The center of gravity of the assembled lighting structure and the supporting tube does not have to be at the mid-point of the ball axis. It has been found in practice that the center of gravity may be some distance either side of the midpoint without appreciably affecting the flight of the ball whether it be thrown spirally or end over end.
It will also be noted that the light bulb 36 is not at the mid-point of tube 18. It has been found that the eccentrically positioned light is diffused along the length of the tube 18 and further diffused over the entire length of the ball. Thus, when the ball is illuminated and viewed in the dark the ball appears to be substantially uniformly lighted over its entire surface.
A modification is shown in FIG. 5. Here the ball instead of being a spheroid is more or less spherical. The wall 50 is preferably made of polyethylene or any other type of translucent plastic having sufficient inherent strength to maintain its form under the normal use to which such ball will be put. In FIG. 5, the tube 18 is the same as that shown in FIG. 1 and contains the lighting source 26 and the supporting springs 24 and 28.
The sockets in which the ends of the tube 18 reside are made by forming outwardly extending low mounds 52 and 54 which create corresponding interior sockets 56 and 58. Immediately adjacent one end of tube 18 are a pair of openings 60 and 62, disposed 180 of such size that the user's thumb may enter one opening to push the end of tube 18 toward the other opening which is large enough to permit the withdrawal of the tube when the end of the tube has been disposed therein. The parts are very accurately dimensioned so that in use the tube 18 will not become dislodged from sockets 56 and 58. However, because of the flexibility and elasticity of the material forming wall 50 and tube 18, the end of the tube can be manually forced past the lip 64 of hole 60 and then on the rest of the way into the hole 60, thus to permit withdrawal of the tube and disassembly of the parts to permit actuation of the switch 40 or replacement or recharging of batteries 32 and 34 or replacement of the electric bulb 36 should it burn out. When the lighting source and tube are in order and reassembled, the tube 18 may then be returned to position within sockets 56 and 58.
Still another modification is shown in fragmentary section in FIG. 6 in which the wall 66 of the spherical ball does not have any outward protuberances such as the bumps 52 and 54 shown in FIG. 5. Instead, on the interior there is a very shallow socket 68, having a very low circular wall adequate to keep the ends of tube 18 in place during normal use, but still permitting the end of the tube to be pushed into opening 72 by the force of a user's finger entering through opening 74.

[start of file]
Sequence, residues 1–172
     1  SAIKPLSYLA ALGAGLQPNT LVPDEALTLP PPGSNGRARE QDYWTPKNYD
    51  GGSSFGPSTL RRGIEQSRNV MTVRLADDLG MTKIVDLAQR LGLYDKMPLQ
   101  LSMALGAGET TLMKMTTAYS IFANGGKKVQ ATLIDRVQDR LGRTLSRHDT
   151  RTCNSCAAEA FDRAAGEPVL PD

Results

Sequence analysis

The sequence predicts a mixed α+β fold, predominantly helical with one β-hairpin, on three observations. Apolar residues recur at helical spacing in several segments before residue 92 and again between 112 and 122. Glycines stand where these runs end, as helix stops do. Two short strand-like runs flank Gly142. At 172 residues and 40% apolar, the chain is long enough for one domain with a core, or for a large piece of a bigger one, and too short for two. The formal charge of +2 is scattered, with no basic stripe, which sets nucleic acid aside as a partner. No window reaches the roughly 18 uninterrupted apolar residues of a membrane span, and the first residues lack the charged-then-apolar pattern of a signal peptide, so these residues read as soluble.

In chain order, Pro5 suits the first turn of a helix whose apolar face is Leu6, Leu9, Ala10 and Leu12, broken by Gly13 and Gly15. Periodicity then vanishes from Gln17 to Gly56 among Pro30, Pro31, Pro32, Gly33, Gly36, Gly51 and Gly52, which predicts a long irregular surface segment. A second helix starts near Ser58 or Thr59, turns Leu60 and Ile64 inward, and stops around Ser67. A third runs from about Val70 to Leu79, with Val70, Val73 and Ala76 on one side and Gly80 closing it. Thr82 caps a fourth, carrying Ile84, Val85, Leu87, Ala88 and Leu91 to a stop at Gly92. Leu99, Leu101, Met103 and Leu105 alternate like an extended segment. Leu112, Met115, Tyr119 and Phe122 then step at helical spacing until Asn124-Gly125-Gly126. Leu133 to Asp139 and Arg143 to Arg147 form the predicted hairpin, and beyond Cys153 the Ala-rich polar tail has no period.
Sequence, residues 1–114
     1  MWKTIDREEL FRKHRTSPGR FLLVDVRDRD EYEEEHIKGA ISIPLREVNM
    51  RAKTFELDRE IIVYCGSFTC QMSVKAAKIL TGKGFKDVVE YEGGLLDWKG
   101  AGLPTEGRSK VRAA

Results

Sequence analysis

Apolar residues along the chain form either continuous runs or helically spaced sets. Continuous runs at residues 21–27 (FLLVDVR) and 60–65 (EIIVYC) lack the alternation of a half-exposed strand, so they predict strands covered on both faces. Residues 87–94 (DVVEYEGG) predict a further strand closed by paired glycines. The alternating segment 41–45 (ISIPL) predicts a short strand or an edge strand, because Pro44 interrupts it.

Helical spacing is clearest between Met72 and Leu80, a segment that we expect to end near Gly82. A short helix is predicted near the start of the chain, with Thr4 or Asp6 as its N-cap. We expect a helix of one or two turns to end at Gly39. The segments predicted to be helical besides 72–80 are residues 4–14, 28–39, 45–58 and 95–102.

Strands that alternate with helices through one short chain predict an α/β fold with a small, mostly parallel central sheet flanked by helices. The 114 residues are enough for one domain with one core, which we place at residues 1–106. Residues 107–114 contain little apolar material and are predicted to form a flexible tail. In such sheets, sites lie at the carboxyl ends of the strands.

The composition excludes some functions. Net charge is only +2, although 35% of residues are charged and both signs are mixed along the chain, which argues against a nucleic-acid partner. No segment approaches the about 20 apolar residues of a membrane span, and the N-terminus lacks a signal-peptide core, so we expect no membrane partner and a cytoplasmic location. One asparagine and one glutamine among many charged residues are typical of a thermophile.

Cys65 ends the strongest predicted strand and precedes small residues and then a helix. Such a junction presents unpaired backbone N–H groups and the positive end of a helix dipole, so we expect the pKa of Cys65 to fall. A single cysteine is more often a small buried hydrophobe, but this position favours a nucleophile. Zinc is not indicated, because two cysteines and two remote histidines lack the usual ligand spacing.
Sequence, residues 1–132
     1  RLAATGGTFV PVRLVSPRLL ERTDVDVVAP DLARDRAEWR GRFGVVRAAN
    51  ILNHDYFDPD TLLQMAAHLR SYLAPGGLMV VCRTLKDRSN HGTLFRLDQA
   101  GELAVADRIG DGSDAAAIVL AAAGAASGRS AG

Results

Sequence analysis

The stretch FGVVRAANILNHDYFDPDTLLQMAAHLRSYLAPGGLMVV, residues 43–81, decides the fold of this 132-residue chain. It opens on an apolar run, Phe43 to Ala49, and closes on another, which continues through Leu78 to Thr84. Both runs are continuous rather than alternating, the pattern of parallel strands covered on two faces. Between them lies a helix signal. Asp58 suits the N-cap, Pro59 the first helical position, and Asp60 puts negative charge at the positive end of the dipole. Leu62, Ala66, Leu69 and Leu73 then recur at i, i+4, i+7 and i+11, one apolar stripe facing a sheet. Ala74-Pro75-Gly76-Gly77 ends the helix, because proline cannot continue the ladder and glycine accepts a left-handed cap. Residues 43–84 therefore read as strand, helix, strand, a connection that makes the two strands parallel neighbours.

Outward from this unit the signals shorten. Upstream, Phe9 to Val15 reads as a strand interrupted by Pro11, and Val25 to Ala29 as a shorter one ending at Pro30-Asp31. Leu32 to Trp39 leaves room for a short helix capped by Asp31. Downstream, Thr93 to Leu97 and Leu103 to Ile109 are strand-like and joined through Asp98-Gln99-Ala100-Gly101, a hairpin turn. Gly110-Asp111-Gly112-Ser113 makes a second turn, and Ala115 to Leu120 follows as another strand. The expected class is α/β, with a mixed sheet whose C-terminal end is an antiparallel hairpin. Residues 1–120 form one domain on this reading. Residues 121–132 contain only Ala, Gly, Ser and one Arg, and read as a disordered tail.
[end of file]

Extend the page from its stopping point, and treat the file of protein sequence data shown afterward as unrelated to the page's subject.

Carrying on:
It is to be understood from all of the disclosures that the diametrically oppositely positioned sockets into which the ends of tube 18 are positioned will be deep enough to hold the tube 18 securely in position during all normal use of the ball. At the same time however, the two holes adjacent the end of the tube must be located close enough to the socket so that the end of tube 18 can always be manually dislodged to enter the tube access hole. The flexibility of tube 18 and the flexibility and elasticity of the wall material of the ball all must be considered in determining the exact location of the tube access hole and the finger access hole.
While generally it is considered desirable to have the access holes adjacent one end only of the light supporting tube 18 it will also be apparent that a second set of similar holes could be formed in the ball wall adjacent the other end of the tube. The extra holes would be unnecessary for removal or insertion of tube 18, but might be preferred to improve visual symmetry.
In the preferred form heretofore described, the ball wall is made of a translucent plastic with or without additional small holes through the wall. It has been found that this construction gives very acceptable lighting characteristics. However it is to be understood that alternative wall constructions can be used without departing from the invention. For example, the ball wall could be made of opaque sheet material, not necessarily of plastic, but having the proper characteristics of flexibility and elasticity and including a sufficient number of holes therethrough, such as the holes 4, 6 and 8 to permit adequate emission of light therefrom for use of the ball in the dark. Another modification is that in which the ball wall is of transparent material. The tube 18 in the preferred form is made of translucent or transparent plastic but the tube could also be made of tempered or safety glass or thin adequately perforated metal. The basic requirement is the distribution of sufficient light from the light source to illuminate the ball wall whatever the wall construction may be, whether, as set forth above, of material that is translucent, translucent with holes, transparent, transparent with holes, opaque with holes or any combination of the above.
In all cases, the ends of tube 18 will be firmly held in the opposed sockets even though there is no permanent connection between the ball and the tube.
Another alternative falling within the scope of the invention should be mentioned. If the wall of the ball were sufficiently flexible, the finger access hole may be omitted because it would then be possible to distort the wall inwardly far enough to engage the tube to force it sidewise into the access hole.